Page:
What will the Obama center mean for the values ​​of neighboring Chicago?

South Shore in Chicago is at a crossroadswith a lot of vacancies, a preference for tenants and the near completion of the Obama Presidential Center, which is contributing to the increase in real estate values.

Now, frustrated by the city’s efforts, which they say are failing to prevent displacement around the Obama lot, a group of Chicagoans is trying to put a referendum on the Feb. 28 ballot asking for new housing protections for nearby residents.

A similar coalition won Woodlawn protection after a five-year campaign and lengthy negotiations with city housing officials. But organizers in the South Shore say they’ve been shut out, and that the first steps announced by the Chicago Department of Housing to help apartment owners in the area don’t go far enough.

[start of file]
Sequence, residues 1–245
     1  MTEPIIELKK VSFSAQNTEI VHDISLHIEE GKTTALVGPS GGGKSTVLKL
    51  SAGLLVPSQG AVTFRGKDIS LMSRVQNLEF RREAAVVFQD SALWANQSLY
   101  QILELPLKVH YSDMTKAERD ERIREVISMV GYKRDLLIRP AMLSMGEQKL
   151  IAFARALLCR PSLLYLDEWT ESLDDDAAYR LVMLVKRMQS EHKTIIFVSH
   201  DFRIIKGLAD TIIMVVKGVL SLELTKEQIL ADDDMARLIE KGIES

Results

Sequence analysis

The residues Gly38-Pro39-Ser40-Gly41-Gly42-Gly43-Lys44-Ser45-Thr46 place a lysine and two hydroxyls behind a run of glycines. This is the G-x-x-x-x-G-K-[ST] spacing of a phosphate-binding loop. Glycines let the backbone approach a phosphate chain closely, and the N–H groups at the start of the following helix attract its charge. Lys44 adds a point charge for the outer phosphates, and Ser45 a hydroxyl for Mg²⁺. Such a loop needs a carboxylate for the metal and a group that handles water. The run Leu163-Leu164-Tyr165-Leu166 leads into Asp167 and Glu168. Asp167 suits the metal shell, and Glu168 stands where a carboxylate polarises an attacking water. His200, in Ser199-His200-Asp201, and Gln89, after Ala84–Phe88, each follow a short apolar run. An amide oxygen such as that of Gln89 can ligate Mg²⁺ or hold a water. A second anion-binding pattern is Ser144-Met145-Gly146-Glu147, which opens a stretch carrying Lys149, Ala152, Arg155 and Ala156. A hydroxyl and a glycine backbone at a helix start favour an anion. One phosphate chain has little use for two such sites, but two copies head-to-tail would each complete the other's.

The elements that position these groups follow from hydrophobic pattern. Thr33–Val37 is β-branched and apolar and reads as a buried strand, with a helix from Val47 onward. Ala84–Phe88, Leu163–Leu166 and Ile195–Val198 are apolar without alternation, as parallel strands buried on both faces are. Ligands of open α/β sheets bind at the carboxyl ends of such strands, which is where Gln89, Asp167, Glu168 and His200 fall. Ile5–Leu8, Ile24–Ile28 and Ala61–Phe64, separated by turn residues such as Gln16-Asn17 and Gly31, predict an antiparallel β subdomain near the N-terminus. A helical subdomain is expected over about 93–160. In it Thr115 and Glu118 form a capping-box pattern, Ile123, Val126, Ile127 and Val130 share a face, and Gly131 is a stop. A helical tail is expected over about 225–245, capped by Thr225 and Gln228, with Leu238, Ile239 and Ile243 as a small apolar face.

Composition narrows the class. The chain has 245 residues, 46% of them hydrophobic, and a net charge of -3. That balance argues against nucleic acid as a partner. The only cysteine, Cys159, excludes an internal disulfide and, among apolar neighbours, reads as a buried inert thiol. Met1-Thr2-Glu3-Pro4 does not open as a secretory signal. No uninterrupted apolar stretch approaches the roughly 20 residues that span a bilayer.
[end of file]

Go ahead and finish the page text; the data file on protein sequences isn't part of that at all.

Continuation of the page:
Over the past few weeks, the South Shore Community Benefits Agreement coalition has been knocking on doors and asking voters to sign a petition calling on the city to “prevent displacement” of local residents with a long list of demands: funding for home repairs, increasing homeownership, providing property tax and rental incentives, introducing eviction protections, banning application and relocation fees, developing affordable housing on vacant city-owned lots, and creating local jobs programs.

“We hear things all the time from some of the current old folks, even the mayor, ‘People aren’t worried about displacement,’ or ‘displacement isn’t happening,’ or ‘this is the theater of displacement,'” said Dixon Romeo, leader of the CBA Coalition and Not Me We, a community organization dedicated to housing, organizational education and mutual aid.